The First Report on White Pond 1992
October 8, 1992
Board of Selectmen
Concord, MA 01742
Re: White Pond Reservation
Ladies and Gentlemen:
Under cover of this letter you will find a preliminary report concerning the land management plan for the 40-acre parcel of land acquired by the Town earlier this year in the TPL/UNISYS transaction. The report was prepared by the White Pond Reservation Task Force under the guidance of the Task Force’s liaison, Carolyn Flood, and with the assistance of Judith Sprott, who has provided information and research.
The Task Force’s present objective is to obtain the Board’s concurrence with the general recommendations of the report and the format of the management plan. The Task Force will then prepare and present to the Board a short-term action plan for the property. This should be accomplished by mid-November. The Task Force’s ultimate objective is to prepare, in consultation with involved Town boards and staff and with interested civic groups, a full-scale land management plan for the property. We anticipate that this effort will require six to nine months of work.
You will note that the primary recommendation of our report is that the Reservation be treated very much like conservation land. We anticipate that the fully considered and documented plan will confirm the readily apparent value of the property as open land that complements and enhances the Conservation land, Town well land, and other protected land on the western shore of White Pond to which it is contiguous. The plan should have the effect of safeguarding the water quality of White Pond and the White Pond well. Finally, the plan will make recommendations regarding the ongoing remediation of contaminated groundwater at the property.
We appreciate the opportunity to advise you on this significant property acquistion and look forward to completing our task.
White Pond Reservation Task Force
Daniel Holmes, Craig MacDonnell, Daniel Monahan, Jane Prentiss, Gordon Shaw
FIRST PRELIMINARY REPORT OF THE
WHITE POND RESERVATION TASK FORCE
OCTOBER 8, 1992
On January 31, 1992 the Town of Concord acquired a 40.45 acre parcel of land which extends southward from the shore of White Pond to the Sudbury town line. The purchase was authorized by the 1991 Town Meeting, at which citizens voted overwhelmingly to acquire the land for "conservation, recreation, wetlands protection, housing or any municipal purpose”. The acquisition was the product of years of effort by Town officials including the Board of Selectman and Town Manager, Town boards including the Natural Resources Commission, and the White Pond Advisory Committee, and numerous private citizens and groups, particularly the Friends of White Pond.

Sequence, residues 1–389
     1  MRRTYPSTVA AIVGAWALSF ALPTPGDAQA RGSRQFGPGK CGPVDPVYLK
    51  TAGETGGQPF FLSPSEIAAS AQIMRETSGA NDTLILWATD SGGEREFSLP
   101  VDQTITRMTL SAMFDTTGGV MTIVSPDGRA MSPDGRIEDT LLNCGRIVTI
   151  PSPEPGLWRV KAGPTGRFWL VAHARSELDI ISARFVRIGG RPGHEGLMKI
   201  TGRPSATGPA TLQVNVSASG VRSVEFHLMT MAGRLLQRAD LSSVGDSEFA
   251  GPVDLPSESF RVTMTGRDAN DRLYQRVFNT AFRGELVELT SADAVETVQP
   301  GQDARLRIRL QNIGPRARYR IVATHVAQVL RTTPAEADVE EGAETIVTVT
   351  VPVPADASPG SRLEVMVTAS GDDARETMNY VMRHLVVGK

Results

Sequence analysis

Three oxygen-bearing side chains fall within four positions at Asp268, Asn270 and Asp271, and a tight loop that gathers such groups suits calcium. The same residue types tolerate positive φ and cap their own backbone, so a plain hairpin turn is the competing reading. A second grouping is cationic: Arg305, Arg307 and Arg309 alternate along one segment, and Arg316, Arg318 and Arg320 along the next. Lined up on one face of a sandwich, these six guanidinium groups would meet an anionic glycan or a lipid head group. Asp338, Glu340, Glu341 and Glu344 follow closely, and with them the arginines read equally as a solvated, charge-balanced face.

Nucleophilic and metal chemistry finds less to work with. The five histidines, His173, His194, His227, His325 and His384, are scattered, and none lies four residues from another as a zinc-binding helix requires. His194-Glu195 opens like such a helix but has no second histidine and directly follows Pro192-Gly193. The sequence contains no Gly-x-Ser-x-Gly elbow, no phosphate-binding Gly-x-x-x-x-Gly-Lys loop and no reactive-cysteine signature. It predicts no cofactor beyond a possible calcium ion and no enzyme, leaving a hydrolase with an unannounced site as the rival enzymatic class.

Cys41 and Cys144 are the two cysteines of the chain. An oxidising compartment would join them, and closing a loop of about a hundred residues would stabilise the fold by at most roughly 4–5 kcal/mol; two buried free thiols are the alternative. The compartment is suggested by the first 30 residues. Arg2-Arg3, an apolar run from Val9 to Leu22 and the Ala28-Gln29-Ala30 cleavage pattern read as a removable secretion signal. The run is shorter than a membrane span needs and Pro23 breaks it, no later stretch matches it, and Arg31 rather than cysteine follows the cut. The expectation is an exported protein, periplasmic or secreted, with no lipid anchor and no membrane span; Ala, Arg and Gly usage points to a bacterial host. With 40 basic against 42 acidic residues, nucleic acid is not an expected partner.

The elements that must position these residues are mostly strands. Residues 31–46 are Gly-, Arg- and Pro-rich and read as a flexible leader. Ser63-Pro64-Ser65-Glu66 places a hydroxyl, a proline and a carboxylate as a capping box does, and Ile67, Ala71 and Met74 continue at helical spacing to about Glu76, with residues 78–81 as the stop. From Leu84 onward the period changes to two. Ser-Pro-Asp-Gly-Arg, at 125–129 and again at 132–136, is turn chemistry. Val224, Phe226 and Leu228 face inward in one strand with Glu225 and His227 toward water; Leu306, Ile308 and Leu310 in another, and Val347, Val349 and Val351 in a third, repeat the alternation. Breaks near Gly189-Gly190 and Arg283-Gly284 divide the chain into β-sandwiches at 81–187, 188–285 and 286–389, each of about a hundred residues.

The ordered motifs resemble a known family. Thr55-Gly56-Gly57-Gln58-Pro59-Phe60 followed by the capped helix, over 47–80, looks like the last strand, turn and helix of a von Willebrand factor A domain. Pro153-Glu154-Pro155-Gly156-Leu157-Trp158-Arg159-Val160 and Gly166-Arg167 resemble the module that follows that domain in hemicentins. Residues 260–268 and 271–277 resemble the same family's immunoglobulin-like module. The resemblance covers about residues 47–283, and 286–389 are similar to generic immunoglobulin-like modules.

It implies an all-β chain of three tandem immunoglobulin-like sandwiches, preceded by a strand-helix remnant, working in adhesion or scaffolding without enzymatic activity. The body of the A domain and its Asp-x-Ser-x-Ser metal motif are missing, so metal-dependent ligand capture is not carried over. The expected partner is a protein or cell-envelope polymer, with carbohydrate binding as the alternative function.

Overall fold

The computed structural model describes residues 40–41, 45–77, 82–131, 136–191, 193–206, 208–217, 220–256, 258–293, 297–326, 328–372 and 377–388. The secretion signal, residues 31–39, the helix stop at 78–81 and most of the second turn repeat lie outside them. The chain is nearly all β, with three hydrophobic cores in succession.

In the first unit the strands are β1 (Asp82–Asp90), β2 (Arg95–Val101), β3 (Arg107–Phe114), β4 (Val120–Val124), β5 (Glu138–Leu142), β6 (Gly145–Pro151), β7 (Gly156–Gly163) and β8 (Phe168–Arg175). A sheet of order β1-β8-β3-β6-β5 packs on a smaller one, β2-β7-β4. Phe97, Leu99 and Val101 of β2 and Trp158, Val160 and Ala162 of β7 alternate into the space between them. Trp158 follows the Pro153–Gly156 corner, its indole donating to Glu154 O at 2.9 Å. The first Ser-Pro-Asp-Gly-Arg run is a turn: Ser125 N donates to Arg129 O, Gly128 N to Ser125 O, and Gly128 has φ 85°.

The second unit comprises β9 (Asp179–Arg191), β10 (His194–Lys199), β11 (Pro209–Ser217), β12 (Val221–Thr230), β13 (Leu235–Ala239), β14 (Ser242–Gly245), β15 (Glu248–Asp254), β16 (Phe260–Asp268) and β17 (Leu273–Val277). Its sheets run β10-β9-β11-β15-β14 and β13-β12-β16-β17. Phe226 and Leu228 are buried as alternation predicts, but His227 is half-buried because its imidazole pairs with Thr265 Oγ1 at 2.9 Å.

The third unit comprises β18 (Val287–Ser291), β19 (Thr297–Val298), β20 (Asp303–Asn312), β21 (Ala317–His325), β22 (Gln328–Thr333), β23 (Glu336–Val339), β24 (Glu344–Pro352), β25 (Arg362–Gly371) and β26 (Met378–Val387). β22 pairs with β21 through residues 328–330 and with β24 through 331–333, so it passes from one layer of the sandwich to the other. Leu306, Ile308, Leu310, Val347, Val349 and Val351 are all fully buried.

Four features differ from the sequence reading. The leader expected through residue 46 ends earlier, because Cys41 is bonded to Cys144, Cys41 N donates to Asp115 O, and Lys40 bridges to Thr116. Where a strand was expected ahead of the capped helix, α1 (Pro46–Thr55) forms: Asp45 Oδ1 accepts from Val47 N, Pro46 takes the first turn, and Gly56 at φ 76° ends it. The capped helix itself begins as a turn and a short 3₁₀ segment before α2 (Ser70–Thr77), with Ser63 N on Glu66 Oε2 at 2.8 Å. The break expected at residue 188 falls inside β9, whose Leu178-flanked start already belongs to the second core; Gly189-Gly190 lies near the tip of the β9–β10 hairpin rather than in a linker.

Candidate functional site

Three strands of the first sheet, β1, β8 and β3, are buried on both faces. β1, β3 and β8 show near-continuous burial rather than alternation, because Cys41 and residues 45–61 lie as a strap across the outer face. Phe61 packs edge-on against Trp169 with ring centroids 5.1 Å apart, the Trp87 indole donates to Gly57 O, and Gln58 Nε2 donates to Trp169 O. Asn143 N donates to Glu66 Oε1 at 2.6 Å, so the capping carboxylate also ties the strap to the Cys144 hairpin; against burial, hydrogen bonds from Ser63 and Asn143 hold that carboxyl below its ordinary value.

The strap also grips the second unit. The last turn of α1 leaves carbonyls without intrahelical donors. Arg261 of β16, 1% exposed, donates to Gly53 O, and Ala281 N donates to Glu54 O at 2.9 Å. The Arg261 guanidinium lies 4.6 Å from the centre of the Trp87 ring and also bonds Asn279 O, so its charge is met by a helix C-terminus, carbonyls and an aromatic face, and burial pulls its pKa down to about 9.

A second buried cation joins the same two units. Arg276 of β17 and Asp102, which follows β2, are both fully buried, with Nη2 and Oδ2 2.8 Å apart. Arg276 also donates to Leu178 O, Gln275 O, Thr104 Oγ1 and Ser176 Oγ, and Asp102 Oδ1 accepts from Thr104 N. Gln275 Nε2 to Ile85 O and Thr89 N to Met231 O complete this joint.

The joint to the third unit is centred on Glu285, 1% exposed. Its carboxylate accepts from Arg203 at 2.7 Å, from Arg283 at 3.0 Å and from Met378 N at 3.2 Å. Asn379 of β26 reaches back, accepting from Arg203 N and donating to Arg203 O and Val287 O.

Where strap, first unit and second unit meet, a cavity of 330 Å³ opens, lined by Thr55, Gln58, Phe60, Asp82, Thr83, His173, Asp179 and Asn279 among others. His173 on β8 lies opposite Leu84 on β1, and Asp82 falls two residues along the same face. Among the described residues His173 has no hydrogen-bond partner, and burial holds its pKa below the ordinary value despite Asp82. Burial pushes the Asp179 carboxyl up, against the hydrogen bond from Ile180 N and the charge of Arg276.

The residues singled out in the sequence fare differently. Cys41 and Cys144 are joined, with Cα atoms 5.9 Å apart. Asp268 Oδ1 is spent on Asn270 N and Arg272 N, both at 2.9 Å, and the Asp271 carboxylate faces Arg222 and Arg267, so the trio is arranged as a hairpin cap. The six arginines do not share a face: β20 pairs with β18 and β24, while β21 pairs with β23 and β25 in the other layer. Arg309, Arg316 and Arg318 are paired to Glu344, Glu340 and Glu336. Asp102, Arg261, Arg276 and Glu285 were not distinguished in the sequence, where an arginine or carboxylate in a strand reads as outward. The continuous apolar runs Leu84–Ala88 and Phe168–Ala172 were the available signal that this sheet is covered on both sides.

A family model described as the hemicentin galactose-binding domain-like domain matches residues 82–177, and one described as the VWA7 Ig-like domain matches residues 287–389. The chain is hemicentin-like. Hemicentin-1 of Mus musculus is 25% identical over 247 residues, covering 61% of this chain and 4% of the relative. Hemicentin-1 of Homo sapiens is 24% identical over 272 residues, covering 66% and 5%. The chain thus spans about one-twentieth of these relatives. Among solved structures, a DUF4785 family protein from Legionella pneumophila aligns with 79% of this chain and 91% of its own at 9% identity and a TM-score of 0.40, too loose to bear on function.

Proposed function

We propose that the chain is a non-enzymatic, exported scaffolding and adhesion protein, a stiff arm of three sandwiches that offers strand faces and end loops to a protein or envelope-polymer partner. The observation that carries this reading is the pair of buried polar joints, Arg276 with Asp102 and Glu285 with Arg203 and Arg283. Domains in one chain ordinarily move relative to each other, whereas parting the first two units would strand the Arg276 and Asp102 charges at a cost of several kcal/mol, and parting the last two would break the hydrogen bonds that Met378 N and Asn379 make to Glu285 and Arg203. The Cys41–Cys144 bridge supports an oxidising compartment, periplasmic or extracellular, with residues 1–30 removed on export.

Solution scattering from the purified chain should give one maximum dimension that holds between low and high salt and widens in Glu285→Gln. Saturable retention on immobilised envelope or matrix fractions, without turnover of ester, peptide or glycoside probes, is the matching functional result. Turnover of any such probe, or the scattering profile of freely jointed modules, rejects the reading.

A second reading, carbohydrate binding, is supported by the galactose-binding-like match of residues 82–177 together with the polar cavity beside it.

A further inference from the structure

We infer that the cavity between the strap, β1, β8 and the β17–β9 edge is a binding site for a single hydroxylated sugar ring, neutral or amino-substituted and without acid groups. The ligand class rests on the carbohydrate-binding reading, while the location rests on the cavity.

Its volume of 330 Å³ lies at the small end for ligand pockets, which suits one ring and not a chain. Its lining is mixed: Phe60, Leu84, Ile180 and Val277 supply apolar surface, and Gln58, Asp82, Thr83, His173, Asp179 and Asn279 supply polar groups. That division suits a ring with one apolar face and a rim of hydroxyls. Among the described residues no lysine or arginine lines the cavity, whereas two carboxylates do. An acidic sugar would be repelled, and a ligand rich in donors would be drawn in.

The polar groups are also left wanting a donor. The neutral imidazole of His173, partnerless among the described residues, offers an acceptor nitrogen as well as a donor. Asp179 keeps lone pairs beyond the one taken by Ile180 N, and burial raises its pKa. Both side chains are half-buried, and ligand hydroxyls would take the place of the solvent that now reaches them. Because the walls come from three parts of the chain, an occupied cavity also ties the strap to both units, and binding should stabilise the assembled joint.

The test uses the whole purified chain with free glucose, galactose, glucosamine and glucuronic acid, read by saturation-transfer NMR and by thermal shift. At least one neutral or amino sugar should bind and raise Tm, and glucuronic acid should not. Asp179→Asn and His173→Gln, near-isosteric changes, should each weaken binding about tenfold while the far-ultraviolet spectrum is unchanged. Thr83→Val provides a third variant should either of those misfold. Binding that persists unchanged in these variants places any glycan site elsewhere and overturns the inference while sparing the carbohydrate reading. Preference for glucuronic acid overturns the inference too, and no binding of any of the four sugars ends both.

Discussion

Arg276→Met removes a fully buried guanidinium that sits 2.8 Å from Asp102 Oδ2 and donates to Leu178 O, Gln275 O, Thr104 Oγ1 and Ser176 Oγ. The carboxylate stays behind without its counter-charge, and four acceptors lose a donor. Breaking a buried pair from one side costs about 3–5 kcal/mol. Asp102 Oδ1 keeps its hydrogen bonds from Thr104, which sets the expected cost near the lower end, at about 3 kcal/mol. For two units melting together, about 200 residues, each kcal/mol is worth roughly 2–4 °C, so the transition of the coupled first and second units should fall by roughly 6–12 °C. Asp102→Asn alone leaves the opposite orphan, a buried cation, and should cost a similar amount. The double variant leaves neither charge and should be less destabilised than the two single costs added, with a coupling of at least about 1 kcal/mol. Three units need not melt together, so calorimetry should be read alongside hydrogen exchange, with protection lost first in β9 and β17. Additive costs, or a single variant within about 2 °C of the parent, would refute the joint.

The overriding objectives of the acquisition were to protect Town water resources and to provide townspeople with an exceptional natural resource for passive recreation and education. By controlling the property, Concord could then protect it from inappropriate and excessive uses that had been tolerated by neglect (swimming, fires, drinking, off road vehicles) or had been proposed (high density housing, golf course).
The acquisition could not have been accomplished without the extraordinary efforts of the Trust for Public Lands and its director, Peter Forbes. TPL played a critical role by investing its own funds in the transaction and by working closely with the seller (the UNISYS Corporation) and the Town of Sudbury to settle difficult issues between them, thereby allowing Sudbury to acquire a significant tract of open land and wetlands that form part of Sudbury's scenic corridor along Route 117.
The overall transaction consisted of the UNISYS Corporation subdividing its 141-acre parcel and conveying three lots to three different buyers: TPL purchased a 25 acre parcel in Sudbury on which the old Sperry Rand research and development facility is located, Sudbury purchased a 76- acre parcel in Sudbury, and Concord acquired the 40- acre portion of the parcel located in Concord. See the maps attached as Exhibits A l, A 2 and A 3 [not included]. After holding its parcel for eight months, TPL sold the Sperry Rand site to Cummings Properties of Woburn, MA. As of this date, it is reported that Cummings has not formulated a definitive plan for its parcel.
The purchase price for Concord's 40 acre acquisition was $323,435, or roughly $8,000 per acre. This price is a considerable discount from the value UNISYS had placed on the land in prior discussion with Sudbury and TPL. The source of funds was $300,000 from the Land Fund and $23,435, which the Friends of White Pond raised from over 50 private individuals and groups.